Re Wayne Barrett's "Rudy's Ties to a Terror Sheikh" [November 28–December 4]: This article makes several references to a recent Congressional Research Service (CRS) report and appears to attribute statements and allegations about a Qatari government official to CRS rather than to the original sources referenced in the report.

For example, your article states that the "2007 CRS study says that . . . the 'Qatari individual' who reportedly hosted [Osama] bin Laden" for discussions in Qatar "was none other than Abdallah al-Thani." However, the CRS report in question, "Qatar: Background and U.S. Relations" (October 10, 2007), clearly identifies the source of that specific allegation in footnote 33 as a former U.S. intelligence official quoted in a previous press report. The press report in question also is directly identified: a July 8, 1999, New York Times story by James Risen and Benjamin Weiser entitled "U.S. Officials Say Aid for Terrorists Came Through Two Persian Gulf Nations."


By removing some references to original sources included in our report, your article may leave your readers with the false impression that the CRS is the original source of the reported claims. While serious allegations have been made regarding the individual in question, they have been made by the sources identified in our report, and not directly by the CRS.

As you know, the CRS strives to provide high-quality, objective analysis to members of Congress, congressional committees, and their staff. To that end, our analysts conduct exhaustive research and cite sources carefully and purposefully. When original sources are not reported accurately or completely, it gives a false impression regarding the nature of CRS's stringent guidelines and its dedication to authoritativeness in all of its products.

Daniel P. Mulhollan
Director, CRS
Washington, D.C.

Barrett replies: It's a mystery to me why the CRS wants to pose as a very expensive clipping service. The fact is that the organization's 2007 study contained the following sentence and it was not attributed in a footnote to any specific source: "Former U.S. officials and leaked U.S. government reports state that Osama Bin Laden also visited Doha twice during the mid-1990s as a guest of Shaikh Abdullah bin Khalid, who then served as Qatar's Minister for Religious Endowments & Islamic Affairs." It is just one of numerous references to Abdullah (Abdallah) in the CRS's report, all of which implicate him in terrorist-related activities. It's the CRS's letter, not my story, that attempts to leave a "false impression."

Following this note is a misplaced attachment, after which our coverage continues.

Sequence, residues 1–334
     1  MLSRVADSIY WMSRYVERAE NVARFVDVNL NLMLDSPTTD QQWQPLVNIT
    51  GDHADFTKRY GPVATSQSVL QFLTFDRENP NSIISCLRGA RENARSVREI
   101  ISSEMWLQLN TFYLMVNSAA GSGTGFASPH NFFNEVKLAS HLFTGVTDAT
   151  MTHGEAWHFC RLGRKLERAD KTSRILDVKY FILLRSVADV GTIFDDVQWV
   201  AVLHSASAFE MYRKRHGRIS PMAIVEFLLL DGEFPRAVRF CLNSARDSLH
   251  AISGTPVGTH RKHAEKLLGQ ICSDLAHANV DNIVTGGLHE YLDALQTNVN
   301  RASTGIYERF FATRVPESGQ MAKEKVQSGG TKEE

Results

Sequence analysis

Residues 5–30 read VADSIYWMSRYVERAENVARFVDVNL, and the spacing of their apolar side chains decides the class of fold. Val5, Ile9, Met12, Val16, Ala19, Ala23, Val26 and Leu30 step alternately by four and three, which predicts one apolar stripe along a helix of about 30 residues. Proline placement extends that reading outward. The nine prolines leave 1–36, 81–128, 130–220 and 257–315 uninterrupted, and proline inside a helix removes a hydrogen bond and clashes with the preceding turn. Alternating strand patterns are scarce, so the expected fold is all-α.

Re: Nat Hentoff's "This Bloodbath Brought to You By . . ." [December 12–18]: In the first sentence of your column you made reference to American companies that did business with Hitler's Germany, and in the last sentence you made reference to George W. Bush attending the "Genocide Olympics."

Surely you're aware that his ancestors were some of those who did business with Hitler's Germany and, in fact, made the Bush/Walker family fortune doing so.

Phil Barreca

Mr. Hentoff criticizes American corporations sponsoring the 2008 Olympics in China because China is Sudan's main business partner and has done little to stop the violence in Darfur.

As the title of the article indicates, Coca-Cola is one of those companies. In 2002, Sudanese investors opened up a $140 million Coca-Cola bottling plant in Sudan, churning out 100,000 bottles of Coke, Sprite, and Fanta per hour. Mr. Hentoff reprinted Cynthia McKinney's quote in his May 7, 2001, Voice column, "George W. Discovers Sudan": "We all know that the United States has placed certain trade restrictions on Sudan. Yet gum arabic is exempted, and it is the number one export of Sudan. Coca-Cola and the other major soft drink conglomerates need gum arabic. So what do we do? We proudly proclaim that we've got sanctions on Sudan, but we exempt gum arabic."

Incidentally, Warren Buffett—who left Coca-Cola's board of directors in 2006 but remains the company's largest shareholder with 8.65 percent of common shares outstanding, worth about $11.5 billion—is also a major investor in the PetroChina Oil Company, which gets oil from Sudan and has been targeted by the Sudan divestment community.

Coca-Cola has a history of profiting from such misery. Mr. Hentoff talked in last week's column about "big-time American companies . . . actually doing business with Hitler" for profits. Coca-Cola was also one of those companies. One can see Coke ads behind Nazi soldiers in file footage. When the German bottlers could no longer get Coke syrup during World War II, German Coke executives developed a new fizzy beverage: Fanta. One can see this described in a British television documentary Mark Thomas on Coca-Cola at killercoke.org. In the film's segment on Coke and the Nazis, a Hitler Youth booklet is seen with a Coke ad on the back cover.

There is a worldwide boycott of Coca-Cola products because of its labor, human-rights, and environmental abuses in countries including Colombia, El Salvador, Guatemala, India, Mexico, Nicaragua, Pakistan, Russia, and Turkey. And Coke had to pay $192.5 million in 2000 to settle a highly publicized class-action lawsuit in the U.S. that charged racial discrimination.

Thank you, Mr. Hentoff, for bringing this to our attention.

Lew Friedman

Excellent piece on the bloodbath. My inquiry is with 9/11: Solid evidence is coming out daily that 9/11 was allowed to happen and even managed by our own government. I hate to believe this as much as anybody, but I cannot turn away from truth that smacks you in the face.

Ken Depledge
Randolph, New York

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